Turkish currency, Lira has nosedived over 50 per cent in last 12 months amid US sanctions and rising inflations. In fact, Lira plunged one-fifth against the dollar last week. So, is the downfall of the Turkish currency, which is sending shock waves in the global markets, sudden? Looking at the numbers, the downfall is not sudden. Lira was the worst performing currency across the world in the past 12 years.
What is the reason behind this downfall of the Turkish currency and is that going to affect you?? Let's find out.
Why is Lira plummeting?
The Turkish economy is going through a very bad phase since a long time. The country is facing huge Current Account Deficit (CAD) in public as well as private sectors. Foreign funding has a huge role to lay in the country's financial system. High level of debt has resulted in Inflation reaching an annual rate of 15.9 per cent in July as the government has taken huge loans in the foreign currency. The default of loans in the construction sector is likely to add to the already reeling banking sector of the country.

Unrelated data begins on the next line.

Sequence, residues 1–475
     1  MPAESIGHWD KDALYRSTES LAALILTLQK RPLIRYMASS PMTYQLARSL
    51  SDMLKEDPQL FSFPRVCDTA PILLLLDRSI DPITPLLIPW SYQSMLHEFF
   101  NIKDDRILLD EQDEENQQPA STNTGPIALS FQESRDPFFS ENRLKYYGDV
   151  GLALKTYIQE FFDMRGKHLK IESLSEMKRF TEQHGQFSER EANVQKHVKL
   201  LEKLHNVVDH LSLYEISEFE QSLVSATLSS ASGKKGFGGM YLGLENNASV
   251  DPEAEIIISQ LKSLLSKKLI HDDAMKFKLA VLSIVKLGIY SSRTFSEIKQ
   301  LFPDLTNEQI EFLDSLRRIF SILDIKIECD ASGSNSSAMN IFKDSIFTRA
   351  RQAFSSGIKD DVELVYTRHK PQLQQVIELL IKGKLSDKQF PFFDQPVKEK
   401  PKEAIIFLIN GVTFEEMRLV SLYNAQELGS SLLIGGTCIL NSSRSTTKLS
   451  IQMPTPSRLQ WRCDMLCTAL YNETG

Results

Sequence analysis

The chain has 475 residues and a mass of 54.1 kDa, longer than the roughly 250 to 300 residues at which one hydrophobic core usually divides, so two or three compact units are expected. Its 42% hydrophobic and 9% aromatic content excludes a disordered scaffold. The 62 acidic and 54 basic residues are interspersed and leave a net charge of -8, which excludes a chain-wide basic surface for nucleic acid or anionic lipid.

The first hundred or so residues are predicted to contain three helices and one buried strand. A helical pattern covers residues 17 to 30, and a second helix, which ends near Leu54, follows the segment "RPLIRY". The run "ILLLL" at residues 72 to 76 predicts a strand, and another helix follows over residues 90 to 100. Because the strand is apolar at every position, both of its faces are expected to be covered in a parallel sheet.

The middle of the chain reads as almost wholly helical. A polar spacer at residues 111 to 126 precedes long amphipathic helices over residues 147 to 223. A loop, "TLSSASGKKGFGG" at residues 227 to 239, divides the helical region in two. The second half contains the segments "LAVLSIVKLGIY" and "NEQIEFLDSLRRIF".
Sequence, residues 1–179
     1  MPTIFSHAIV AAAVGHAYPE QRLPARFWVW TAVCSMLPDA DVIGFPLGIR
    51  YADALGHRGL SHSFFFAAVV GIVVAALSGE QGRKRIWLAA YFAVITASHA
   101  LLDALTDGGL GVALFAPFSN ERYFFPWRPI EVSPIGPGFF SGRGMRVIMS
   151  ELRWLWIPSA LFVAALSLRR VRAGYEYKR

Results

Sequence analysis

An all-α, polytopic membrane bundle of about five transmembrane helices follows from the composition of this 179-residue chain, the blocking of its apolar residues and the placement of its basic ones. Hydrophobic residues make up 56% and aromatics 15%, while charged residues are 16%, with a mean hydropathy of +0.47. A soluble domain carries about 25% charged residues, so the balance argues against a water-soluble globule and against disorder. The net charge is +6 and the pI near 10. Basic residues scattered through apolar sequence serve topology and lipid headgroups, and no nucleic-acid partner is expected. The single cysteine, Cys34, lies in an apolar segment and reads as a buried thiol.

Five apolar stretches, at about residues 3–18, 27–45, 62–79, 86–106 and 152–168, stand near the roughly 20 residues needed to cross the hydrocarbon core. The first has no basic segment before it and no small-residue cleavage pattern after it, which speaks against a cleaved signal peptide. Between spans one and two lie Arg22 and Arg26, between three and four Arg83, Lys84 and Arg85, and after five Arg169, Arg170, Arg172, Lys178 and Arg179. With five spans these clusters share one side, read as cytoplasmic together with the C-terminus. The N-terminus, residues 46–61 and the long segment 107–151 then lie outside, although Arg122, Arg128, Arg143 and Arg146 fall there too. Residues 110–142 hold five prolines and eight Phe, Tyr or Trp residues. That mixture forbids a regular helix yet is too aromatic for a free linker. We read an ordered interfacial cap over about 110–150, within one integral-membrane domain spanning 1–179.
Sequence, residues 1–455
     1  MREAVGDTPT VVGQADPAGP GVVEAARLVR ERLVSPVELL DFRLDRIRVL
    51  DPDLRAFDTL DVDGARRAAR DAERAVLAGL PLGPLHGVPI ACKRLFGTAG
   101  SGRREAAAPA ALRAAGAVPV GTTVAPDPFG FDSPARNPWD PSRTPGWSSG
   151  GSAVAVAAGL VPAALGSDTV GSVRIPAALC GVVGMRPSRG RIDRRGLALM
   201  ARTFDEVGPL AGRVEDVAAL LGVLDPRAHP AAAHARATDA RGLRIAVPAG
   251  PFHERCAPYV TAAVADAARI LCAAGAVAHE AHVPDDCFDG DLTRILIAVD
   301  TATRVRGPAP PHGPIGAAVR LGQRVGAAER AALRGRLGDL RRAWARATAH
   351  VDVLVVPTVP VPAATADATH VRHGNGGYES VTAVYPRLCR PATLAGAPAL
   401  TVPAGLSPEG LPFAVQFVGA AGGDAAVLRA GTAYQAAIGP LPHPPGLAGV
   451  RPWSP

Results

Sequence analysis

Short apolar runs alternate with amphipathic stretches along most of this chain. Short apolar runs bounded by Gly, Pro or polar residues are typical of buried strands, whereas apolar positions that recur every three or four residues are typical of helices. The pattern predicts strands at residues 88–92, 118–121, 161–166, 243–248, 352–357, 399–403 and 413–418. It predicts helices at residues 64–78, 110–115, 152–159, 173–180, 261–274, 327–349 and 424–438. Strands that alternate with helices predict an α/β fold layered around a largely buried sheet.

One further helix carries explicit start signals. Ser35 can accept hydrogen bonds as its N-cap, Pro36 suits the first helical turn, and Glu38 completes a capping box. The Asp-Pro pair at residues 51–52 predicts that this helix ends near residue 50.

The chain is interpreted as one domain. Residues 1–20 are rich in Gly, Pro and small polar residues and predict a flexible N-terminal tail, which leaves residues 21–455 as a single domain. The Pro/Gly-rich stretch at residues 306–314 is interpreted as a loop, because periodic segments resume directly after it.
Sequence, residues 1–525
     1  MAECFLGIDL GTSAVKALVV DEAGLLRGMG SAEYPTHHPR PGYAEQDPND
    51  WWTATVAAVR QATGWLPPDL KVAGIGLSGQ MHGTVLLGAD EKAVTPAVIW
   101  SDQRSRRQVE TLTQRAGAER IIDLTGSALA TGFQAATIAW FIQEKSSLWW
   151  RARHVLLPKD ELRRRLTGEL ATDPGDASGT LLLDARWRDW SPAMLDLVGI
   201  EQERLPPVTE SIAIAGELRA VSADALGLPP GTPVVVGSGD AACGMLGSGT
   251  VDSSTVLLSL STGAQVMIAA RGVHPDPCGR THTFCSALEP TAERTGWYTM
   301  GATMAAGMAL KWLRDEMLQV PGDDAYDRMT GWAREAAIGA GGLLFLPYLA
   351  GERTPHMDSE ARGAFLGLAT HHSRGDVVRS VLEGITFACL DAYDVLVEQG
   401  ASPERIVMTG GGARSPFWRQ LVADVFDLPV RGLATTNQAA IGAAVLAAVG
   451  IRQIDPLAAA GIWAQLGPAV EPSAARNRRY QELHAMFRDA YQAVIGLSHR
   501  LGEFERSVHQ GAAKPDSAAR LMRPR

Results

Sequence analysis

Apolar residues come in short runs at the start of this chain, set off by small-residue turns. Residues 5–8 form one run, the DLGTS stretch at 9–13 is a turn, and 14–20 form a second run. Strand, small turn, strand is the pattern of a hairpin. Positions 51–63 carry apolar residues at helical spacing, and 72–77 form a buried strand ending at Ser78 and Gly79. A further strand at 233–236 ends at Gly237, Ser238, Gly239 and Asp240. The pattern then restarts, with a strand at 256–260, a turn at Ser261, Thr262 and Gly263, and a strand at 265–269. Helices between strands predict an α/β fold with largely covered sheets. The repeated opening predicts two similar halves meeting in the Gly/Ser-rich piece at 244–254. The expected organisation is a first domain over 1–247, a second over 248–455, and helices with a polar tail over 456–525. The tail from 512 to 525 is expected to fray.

What has triggered the latest crisis?
Last week, the Trump administration imposed an additional tariff on imports of steel and Aluminium from Turkey. The tariffs were imposed at the backdrop of Turkey's detention of a Christian evangelical pastor, Andrew Brunson who is facing espionage and terrorism allegations during a failed 2016 coup and his case has been taken up by religious conservatives in the US.
The reactions across the world markets are negative regarding the development in Turkey. European markets witnessed a sharp downfall in the stock market due to its exposure to the Turkish banking system. Since in the current globalised world, almost all the world economies are integrated, it is likely to have repercussions globally.
The Turkish economic crisis has resulted in Indian rupee plummeting at its lowest levels in the history. Indian currency, which is already reeling under the pressure of high crude oil prices, has slid further. It is going to shoot up India's import bills and will eventually erode its forex reserve and current account deficit (CAD). The Indian students studying in foreign universities will have to pay additional money on their loans. However, there is something to cheer as the exporters in India will get a better deal and the remittances from the world will get a better value for their money.